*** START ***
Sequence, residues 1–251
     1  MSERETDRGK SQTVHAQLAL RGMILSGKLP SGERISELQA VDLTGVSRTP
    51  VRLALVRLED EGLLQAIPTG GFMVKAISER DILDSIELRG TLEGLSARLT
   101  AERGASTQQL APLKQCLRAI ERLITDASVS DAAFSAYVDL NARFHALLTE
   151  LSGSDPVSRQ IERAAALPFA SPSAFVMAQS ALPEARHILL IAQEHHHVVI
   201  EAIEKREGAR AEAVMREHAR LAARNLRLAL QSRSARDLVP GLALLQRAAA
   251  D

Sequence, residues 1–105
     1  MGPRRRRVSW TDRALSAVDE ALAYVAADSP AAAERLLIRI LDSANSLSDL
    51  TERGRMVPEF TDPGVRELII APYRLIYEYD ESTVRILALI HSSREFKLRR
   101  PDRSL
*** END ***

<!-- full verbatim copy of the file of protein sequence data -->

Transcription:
Sequence, residues 1–251
     1  MSERETDRGK SQTVHAQLAL RGMILSGKLP SGERISELQA VDLTGVSRTP
    51  VRLALVRLED EGLLQAIPTG GFMVKAISER DILDSIELRG TLEGLSARLT
   101  AERGASTQQL APLKQCLRAI ERLITDASVS DAAFSAYVDL NARFHALLTE
   151  LSGSDPVSRQ IERAAALPFA SPSAFVMAQS ALPEARHILL IAQEHHHVVI
   201  EAIEKREGAR AEAVMREHAR LAARNLRLAL QSRSARDLVP GLALLQRAAA
   251  D

Sequence, residues 1–105
     1  MGPRRRRVSW TDRALSAVDE ALAYVAADSP AAAERLLIRI LDSANSLSDL
    51  TERGRMVPEF TDPGVRELII APYRLIYEYD ESTVRILALI HSSREFKLRR
   101  PDRSL